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New Nordic Cuisine and the US?

post #1 of 7
Thread Starter 

So, I'm guessing most people on here will have at least a passing familiarity with the New Nordic Cuisine that's been making serious waves over the last 5 years or so. 

 

For those not fully aware, the idea is very much influenced by French terroir. Only ingredients produced within the Nordic countries are used, while tastes tend towards the pure and fresh which is supposed to reflect the ambience of the region. This means a lot of the food is raw, cured or pickled and not so much of it is grilled or pan-fried. Also, many of the ingredients are foraged wild.

 

What I'm wondering is if there is any sign yet that influences from this style of cooking are spreading to the US, and whether it's something that people in the US would find appealing. As someone who spends a lot of time in the UK, the influence is just starting to become more visible there and I'm wondering where else this might be the case?

 

 

 

post #2 of 7

Marcus Samualson is the only big guy in the movement in the USA I can think of, but he's gotten some traction. He even cooked a White House state dinner (alas much of it was Indian themed).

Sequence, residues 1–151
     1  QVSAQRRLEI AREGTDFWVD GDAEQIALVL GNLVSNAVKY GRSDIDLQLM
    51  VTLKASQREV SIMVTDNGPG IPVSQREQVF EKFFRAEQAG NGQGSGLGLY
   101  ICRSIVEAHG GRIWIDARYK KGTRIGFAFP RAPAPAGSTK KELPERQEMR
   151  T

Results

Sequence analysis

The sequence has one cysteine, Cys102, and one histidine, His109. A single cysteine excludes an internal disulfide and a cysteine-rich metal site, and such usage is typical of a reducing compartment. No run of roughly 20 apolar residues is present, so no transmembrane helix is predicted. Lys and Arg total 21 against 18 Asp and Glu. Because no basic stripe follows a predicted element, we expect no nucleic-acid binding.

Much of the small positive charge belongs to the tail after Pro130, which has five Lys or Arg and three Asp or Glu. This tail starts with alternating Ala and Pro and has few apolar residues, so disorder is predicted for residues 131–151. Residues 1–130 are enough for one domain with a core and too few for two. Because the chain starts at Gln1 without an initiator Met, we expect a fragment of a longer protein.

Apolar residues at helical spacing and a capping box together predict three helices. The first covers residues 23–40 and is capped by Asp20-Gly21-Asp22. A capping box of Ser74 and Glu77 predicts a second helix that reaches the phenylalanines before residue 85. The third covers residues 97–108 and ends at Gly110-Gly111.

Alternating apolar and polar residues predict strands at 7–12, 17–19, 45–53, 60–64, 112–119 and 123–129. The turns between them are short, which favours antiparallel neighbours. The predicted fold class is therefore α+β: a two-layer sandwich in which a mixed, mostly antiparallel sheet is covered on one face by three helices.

I think the big issue for continued penetration into the US would be the pickled fish issue. I think Americans generally don't like oily fish to begin with. Probably a lot of my personal bias in this though. Seafood coctales and other mariscos have gotten pretty far in the US, so that would probably help pave the way for Scandinavian food.

 

Also, the movement as you describe is a bit contrary to the pseudo-localism that is the 800lb gorilla in the American food scene atm.

post #3 of 7
Thread Starter 

I'm intrigued to know what you mean by the 'pseudo-localism' you describe - I'm not really up on trends in North America so it would be quite illuminating.

 

Looking at the menu for Aquavit, there certainly seems to be a lot of ideas from both traditional and 'new' Nordic cooking that have been incorporated, but I was really thinking more about whether the ethos (food evoking a sense of place) has been carried over. Then again, the US is so large and varied it would probably need to be a bit more regional. I guess food fitting the surroundings of the north-east would be rather different to, say, the Pacific Northwest.